The results of these preliminary conversations were that the Rep. said she would no longer pursue a breed discriminatory law.  A note on Rep, Waites’ Facebook page from late April 2013, states that any law would be breed neutral.

From the note:

“Instead of proposing an all-out ban of dangerous dogs or on pit bulls, which could be seen as infringing on the individual freedoms of responsible pet owners across the state, I am merely proposing that those who choose to own violent and dangerous animals that have a history of violence be held responsible, considering the type of damage these animals are capable of inflicting,” said Rep. Waites. “While I am very committed to the passage of comprehensive dangerous dog legislation, I am also interest in ensuring that responsible pet owners are not unfairly targeted.” 

“I don’t think outlawing pit bulls is the way to go. However, there must be stronger laws on the books governing attacks by aggressive dogs, and stiff penalties to go with them for the owners of the dogs.   When people start seeing dog owners go to jail for irresponsible behavior, they’ll start thinking twice about keeping a potentially dangerous animal for a pet,” Added Rep. Waites.”

This line of discussion continued through June of 2013.  It wasn’t until the mother of another young child that was killed while unsupervised approached Rep. Waites that the conversation about breed discriminatory laws began again.

There are two videos on the Representative’s Facebook page.  The first, from December 12th 2013, is one where Rep. Waites has a conversation with the mother of the second victim from 2013.   During this, the Representative states very clearly that she wants to seek “bully breed” legislation on the state level.

The latest official statement made is from February 2014 video in which Rep. Waites addressing the House with a statement.  In this statement she urges the House to pass a law that would make the breeding of “pit bull animals to only licensed holders.”  This is language used frequently when a breed discriminatory mandatory spay neuter law is being discussed.  We have been told that the Representative has said on numerous occasions, even directly after saying she was in opposition to a breed discriminatory law, that a breed discriminatory mandatory spay/neuter law was of interest.  She seemed to have a particular interest in breeders specifically in these conversations.

She also states in this video that “every day a child is fatally injured by animals that were simply never ever meant to be pets.”  Not only is this statement a clear indicator of the personal bias involved in this, but it is also a complete falsehood.  Each year there are roughly 30 fatal attacks by dogs.  This number has remained steady despite both the rise in the human population and the rise in the dog population.  While each situation is tragic, there are numerous co-occurring factors involved in fatal attacks, but the breed or type of the dog is not one of them, shown once again by the latest peer-reviewed study published by the JAVMA.

This statement was accompanied by a rally, attended by roughly 15 people, including out-of-state interests.

The situation will continue to be monitored.  It has been made clear that the legislative desired of Rep. Waites changes depending on who is being spoken to, so only time will tell what, if any, actual action will be taken in the 2015 legislative session.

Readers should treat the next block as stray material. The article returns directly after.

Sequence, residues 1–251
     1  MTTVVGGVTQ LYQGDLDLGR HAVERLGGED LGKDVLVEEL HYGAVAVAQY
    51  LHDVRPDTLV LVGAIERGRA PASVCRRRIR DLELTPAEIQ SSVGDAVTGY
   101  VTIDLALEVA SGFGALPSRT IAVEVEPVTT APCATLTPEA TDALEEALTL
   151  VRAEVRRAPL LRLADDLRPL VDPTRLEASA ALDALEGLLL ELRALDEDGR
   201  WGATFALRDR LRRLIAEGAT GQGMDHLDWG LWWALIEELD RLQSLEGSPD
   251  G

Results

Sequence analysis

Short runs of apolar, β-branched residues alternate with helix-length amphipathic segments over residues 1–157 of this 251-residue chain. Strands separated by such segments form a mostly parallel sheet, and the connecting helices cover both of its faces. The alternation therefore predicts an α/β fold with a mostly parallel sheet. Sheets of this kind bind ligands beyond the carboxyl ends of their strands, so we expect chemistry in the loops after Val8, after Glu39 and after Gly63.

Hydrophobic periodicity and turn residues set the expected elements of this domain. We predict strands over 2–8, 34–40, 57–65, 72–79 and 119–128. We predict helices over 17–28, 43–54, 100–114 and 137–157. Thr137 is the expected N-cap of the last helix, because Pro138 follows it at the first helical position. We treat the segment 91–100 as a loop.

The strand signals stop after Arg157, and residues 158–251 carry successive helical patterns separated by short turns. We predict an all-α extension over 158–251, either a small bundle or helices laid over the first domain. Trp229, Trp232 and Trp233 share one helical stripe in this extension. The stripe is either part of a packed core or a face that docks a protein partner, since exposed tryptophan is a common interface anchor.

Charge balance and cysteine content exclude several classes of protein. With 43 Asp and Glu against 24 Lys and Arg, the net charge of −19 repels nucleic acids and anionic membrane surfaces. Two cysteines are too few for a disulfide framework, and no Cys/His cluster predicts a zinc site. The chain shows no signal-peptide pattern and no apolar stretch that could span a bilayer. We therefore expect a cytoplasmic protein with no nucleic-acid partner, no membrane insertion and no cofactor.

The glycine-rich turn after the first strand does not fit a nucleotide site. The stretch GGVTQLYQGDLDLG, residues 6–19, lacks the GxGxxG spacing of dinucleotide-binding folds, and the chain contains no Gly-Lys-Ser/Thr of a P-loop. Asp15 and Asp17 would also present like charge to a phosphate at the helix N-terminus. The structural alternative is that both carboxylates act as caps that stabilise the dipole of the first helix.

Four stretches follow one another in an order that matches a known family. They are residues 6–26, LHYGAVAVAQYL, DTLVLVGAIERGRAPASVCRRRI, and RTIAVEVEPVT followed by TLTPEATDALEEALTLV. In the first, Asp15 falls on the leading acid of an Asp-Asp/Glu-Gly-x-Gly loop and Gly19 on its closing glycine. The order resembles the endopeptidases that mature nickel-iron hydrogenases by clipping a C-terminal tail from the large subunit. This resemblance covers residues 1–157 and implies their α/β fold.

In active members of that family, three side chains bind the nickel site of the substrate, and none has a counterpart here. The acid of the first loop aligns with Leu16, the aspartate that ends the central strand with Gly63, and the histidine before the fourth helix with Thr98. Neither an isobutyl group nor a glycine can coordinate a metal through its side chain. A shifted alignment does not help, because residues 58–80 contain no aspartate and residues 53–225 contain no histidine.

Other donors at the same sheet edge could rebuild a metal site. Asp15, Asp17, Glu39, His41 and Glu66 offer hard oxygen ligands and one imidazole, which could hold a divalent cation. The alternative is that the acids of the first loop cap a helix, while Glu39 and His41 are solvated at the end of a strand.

Representative Waites is currently up for re-election and is, at this time, running unopposed.

Thank you Jo for the additional information regarding this issue.

Maryland HB 422 hearing overview

The House Judiciary Committee met to hear HB 422, a bill that would prevent breed discriminatory laws on the state level.

According to the bills sponsor, the bill was submitted due to the Solesky decision.   The bill, which if it remains as is, would outlaw breed discriminatory laws on the state level, repeal existing ordinances and prohibit landlords from discriminating against tenets with certain breeds of dogs.

The bills sponsor pointed out the some of the numerous issues caused by BDL and the precedent of the 17 states that currently outlaw BDL and the additional states that are considering anti-BDL bills this year.

Right away one member of the committee raise the issue of Prince George’s County and what would happen to their ban.  The sponsor stated that it was her intention that existing ordinances would be grandfathered in, but the language of the bill does not allow for that.  The bills sponsor said that she would amend to clarify that issue.

It is important to note that the Chief of Prince George’s County Animal Management Division was present and testified in support of the bill.  He was asked to testify for the bill by the head on the Animal Management Services Division.  During what was a compelling testimony, he stated that 793 dogs were confiscated under the ban in the 2013 fiscal year.   Roughly 75% of confiscated dogs were euthanized.  $250,000 have been spent in Prince George’s County on enforcement of the ban in 2 years.  He also testified that the number one biter was either labs or cocker spaniels.  He stated that the ban has done nothing for Prince George’s County but separate well-behaved dogs from good families and that the focus needs to be on effective solutions.  He testified that the ban has not worked for Prince George’s County.

The portion of the bill which was most hotly contested was the portion relating to landlords.  Many people testified in support of the bill, with the exception of that particular portion.  Considering that the legislature has failed to address the effects of the court ruling, that particular portion of the bill would put landlords in an impossible position.  Again, amendments were suggested to remove the language pertaining to landlord discrimination.